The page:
16 Source: ABS Figure 2.2: Australia, by Australian Standard Geographical Classification Remoteness Area,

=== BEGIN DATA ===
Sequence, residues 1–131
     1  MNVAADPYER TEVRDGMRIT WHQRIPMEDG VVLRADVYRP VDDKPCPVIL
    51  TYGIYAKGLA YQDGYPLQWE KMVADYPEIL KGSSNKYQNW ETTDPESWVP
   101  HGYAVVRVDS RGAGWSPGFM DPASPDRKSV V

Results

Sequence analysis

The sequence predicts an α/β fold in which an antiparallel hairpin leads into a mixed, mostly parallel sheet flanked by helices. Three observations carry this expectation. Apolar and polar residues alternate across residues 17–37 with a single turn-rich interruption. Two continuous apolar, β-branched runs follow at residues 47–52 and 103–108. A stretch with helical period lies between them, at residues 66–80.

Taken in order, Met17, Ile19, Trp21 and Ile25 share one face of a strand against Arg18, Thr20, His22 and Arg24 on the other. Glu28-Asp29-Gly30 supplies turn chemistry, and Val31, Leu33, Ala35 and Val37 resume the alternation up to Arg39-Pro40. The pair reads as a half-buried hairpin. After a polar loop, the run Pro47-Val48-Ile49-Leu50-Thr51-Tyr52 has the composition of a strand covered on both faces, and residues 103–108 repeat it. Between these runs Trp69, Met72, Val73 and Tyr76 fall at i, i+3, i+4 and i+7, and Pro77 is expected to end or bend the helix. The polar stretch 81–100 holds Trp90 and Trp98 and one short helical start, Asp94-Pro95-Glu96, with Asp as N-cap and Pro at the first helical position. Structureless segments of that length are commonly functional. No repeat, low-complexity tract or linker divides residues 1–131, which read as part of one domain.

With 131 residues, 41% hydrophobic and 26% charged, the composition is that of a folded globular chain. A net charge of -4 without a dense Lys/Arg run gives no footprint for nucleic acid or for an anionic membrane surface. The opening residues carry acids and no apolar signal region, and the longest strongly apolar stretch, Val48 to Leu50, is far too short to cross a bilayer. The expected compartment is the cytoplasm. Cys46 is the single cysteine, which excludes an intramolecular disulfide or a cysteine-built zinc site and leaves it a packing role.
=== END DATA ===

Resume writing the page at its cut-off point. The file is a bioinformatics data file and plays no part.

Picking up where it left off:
17 2.2 Aboriginal and Torres Strait Islander health status Compared with non-indigenous Australians, Indigenous Australians report poorer self-assessed health and have higher rates of hospitalisation and disease prevalence for many health conditions (ABS & AIHW 2008). In 2008, 21% of Indigenous Australian adults surveyed reported their health as fair or poor, compared with 14% for non-indigenous Australian adults (ABS 2010a). Life expectancy is lower for Aboriginal and Torres Strait Islander people particularly for males. In , Indigenous males had a life expectancy of 67.2 years, 11.5 years less than non-indigenous males (78.7 years). Indigenous females had a life expectancy of 72.9 years, 9.7 years less than non-indigenous females (82.6 years) (ABS 2009a). In the Northern Territory, Indigenous expectancy was 61.5 years for males and 69.2 years for females. In New South Wales it was 69.9 years for males and 75.0 years for females. The poorer long-term health status of Indigenous Australians compared with non-indigenous Australians is largely attributed to higher prevalence rates for a number of diseases and conditions. In , Aboriginal and Torres Strait Islander people were hospitalised at 12 times the rate of non-indigenous Australians for care involving dialysis (AIHW 2010d:183). Potentially preventable chronic conditions accounted for 22.4% of all Indigenous hospitalisations in ; these conditions represented a much smaller proportion of non-indigenous hospitalisations (8.2%) (SCRGSP 2009). 2.3 Aboriginal and Torres Strait Islander incomes One of the reasons for the poorer health among Aboriginal and Torres Strait Islander people is that they are more socioeconomically disadvantaged compared with non-indigenous Australians. On average, Indigenous Australians report having lower incomes, higher rates of unemployment, lower educational attainment, and more overcrowded households than non-indigenous Australians (AIHW 2009b). Policy analysts most commonly determine an individual s capacity to pay for health care using mean equivalised gross household income as the statistical measure. This measure plays an important role in assessing the capacity of Indigenous Australians to pay for health care. In 2006, the median equivalised gross household income of Indigenous Australians was $460 per week, about 62% of the level earned by non-indigenous Australians, which was $740 per week (Table 2.2). The ABS defines households in the lowest income bracket, excluding those who own their home, to be low resource households. In 2006, 39% of Indigenous Australians were living in low resource households, almost 5 times the rate of non-indigenous Australians (8%) (ABS 2010b:110). 11